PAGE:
“Didn’t it seem odd to see so many new scholars this year?” said Randy. “We must get acquainted with them and help them to enjoy our little pleasures.”
“That is what you and Jotham did when I moved here last year,” said Molly Wilson, “and oh, Randy, I never could begin to tell you how in my heart I thanked you when you came and spoke to me that first lonesome day at school.”
“I knew that I should be glad to have some one speak to me if I had only strangers about me,” said Randy, sweetly.
“How we shall miss Jotham this year,” said Reuben Jenks.
“He’s going on with his studies with the professor here at home this month, but the first of October he’s to be in Cambridge. The tutor goes back there to teach at the college and Jotham is to board near the university, he says, and have private teachin’.”
“You’ll miss him, Randy, won’t you?” queried little Prue.
“We shall all wish that he were with us,” was Randy’s discreet answer. Suddenly Prue exclaimed,
“You’ve got a new dress, Molly; it’s a beauty, and it’s just like my Randy’s.”
“So it is,” said Molly. “I had a birthday a short time ago, and I had a pair of mittens which mother had knit for me to wear this winter, some candy, some shoes and this lovely dress.”
“Who gived you the dress?” asked Prue, innocently.
“That’s what I’d like to know,” was Molly’s answer. “It was sent to me, and on the bundle it said, ‘From one who loves you.’ I’d give much to tell the one who sent it how lovely I think it is.”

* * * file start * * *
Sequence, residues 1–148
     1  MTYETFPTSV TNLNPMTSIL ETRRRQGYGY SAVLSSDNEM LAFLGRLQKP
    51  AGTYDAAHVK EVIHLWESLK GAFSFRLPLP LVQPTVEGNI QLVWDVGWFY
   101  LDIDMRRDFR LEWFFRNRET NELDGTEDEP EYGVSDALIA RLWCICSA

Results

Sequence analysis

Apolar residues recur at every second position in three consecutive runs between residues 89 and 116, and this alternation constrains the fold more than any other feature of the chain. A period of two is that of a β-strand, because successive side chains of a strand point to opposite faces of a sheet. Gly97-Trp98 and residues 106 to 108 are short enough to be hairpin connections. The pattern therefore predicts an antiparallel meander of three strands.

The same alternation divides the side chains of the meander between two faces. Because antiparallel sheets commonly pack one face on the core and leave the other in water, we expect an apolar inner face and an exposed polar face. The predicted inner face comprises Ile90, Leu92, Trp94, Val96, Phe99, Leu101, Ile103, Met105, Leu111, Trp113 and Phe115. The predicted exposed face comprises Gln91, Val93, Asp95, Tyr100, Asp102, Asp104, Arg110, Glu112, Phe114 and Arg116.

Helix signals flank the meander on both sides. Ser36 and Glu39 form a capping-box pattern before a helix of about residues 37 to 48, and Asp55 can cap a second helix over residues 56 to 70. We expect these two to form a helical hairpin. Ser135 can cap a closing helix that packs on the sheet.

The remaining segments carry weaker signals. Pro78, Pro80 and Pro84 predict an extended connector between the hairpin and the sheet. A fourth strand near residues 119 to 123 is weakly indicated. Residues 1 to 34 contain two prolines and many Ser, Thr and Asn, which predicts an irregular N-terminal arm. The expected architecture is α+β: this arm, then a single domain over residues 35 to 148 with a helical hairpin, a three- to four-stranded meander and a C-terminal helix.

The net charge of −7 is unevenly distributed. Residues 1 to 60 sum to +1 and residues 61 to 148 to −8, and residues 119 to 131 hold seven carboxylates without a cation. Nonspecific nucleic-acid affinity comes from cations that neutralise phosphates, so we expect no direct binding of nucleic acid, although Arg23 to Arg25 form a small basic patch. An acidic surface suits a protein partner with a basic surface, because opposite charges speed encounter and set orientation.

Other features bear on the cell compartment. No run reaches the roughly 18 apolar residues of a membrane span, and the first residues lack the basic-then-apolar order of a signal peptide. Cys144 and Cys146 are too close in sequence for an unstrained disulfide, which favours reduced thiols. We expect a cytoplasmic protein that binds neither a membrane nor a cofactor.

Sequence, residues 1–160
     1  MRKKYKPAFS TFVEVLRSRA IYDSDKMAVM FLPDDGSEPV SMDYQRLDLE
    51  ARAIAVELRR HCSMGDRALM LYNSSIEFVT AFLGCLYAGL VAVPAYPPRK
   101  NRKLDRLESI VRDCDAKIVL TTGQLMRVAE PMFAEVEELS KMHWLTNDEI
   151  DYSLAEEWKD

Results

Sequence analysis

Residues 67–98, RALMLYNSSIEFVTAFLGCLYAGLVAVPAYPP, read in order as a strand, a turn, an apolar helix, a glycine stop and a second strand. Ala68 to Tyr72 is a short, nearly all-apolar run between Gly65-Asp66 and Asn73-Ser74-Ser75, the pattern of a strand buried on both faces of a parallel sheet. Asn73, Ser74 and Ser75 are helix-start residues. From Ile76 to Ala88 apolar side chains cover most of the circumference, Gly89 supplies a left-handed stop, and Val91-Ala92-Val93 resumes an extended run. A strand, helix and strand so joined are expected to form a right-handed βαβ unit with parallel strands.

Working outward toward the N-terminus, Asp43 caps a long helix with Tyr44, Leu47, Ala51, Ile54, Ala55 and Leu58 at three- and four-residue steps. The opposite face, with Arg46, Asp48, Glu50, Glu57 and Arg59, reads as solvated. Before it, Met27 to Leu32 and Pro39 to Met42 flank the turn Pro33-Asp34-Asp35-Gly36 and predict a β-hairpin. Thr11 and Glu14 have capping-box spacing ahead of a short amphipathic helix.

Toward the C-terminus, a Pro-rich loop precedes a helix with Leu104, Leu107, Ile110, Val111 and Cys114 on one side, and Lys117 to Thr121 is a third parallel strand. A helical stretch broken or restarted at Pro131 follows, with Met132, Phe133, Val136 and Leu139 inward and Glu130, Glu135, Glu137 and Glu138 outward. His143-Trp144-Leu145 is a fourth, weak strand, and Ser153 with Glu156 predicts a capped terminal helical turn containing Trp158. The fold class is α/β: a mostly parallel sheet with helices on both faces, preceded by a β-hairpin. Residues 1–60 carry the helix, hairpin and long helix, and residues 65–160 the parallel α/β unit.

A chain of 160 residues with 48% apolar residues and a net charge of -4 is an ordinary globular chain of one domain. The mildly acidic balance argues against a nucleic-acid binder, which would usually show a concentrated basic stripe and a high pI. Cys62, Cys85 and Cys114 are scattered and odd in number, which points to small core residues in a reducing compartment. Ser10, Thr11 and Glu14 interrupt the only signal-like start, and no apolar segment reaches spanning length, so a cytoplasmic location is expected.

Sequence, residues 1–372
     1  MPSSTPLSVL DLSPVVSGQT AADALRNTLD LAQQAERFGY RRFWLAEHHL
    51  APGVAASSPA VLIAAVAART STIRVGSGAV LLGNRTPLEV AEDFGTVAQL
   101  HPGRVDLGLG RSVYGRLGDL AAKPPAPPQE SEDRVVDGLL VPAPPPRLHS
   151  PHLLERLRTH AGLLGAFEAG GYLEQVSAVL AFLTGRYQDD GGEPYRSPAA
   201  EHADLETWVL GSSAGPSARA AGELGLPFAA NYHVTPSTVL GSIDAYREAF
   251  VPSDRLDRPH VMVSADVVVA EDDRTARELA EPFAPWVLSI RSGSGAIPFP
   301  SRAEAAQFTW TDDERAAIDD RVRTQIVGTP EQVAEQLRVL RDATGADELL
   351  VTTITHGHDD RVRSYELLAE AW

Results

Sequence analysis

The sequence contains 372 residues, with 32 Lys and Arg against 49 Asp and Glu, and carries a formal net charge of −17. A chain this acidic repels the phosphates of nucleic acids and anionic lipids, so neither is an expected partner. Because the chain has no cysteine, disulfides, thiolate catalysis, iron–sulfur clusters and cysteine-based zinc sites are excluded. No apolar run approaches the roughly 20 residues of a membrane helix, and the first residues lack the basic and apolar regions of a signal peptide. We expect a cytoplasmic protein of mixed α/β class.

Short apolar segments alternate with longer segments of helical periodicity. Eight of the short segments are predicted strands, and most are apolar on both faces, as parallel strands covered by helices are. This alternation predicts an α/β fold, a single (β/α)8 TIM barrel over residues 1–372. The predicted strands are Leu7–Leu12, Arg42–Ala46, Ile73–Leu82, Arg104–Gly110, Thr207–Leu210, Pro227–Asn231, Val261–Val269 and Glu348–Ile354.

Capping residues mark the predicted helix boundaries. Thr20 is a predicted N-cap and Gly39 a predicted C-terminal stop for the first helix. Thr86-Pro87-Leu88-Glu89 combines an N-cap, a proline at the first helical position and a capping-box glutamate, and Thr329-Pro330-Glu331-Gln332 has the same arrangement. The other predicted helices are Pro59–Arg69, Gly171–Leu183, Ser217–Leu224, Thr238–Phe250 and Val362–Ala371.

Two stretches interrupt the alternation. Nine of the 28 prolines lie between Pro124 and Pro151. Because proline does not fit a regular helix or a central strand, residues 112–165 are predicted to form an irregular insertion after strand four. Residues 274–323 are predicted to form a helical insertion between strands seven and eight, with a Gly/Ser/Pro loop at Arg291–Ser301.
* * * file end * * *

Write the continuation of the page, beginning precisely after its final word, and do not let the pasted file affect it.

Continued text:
“I like mine better than any dress I’ve had,” said Randy, “and since you think it pretty it’s nice that yours is like it.”
“I don’t know as I’d care what gowns I had if I’d been allowed to go to boarding school,” said Phoebe Small. “This school is pleasant enough, I like the teacher and of course I like the girls and boys.”
“’Specially the boys,” remarked Reuben Jenks, when a scowl from Phoebe silenced him.
“I think it would be great fun to go away somewhere. I don’t know as I care where, and see a new school and new faces. ’Twouldn’t prevent keeping all my old friends just because I made new ones,” said Phoebe in a disconsolate voice. “It’s just no use to wish,” she continued, “for I wished last night when I saw the moon over my right shoulder, and I don’t, know how many times I’ve wished when I’ve seen the first little star at night. This morning I found a horse shoe, and stood on it wishing with all my might that ma would let me just try boarding school for one term and I guess that old horse shoe just about finished it, for I ran in and asked ma again, and she put down the pan that she had in her hand and says she,
“’Phoebe Small, if you ask me that again, I believe I shall fly. I’ve said no to it repeatedly and I meant it. Now, hurry and get ready for school; you’ll find there’s something yet to be learned there, I’ll be bound.’”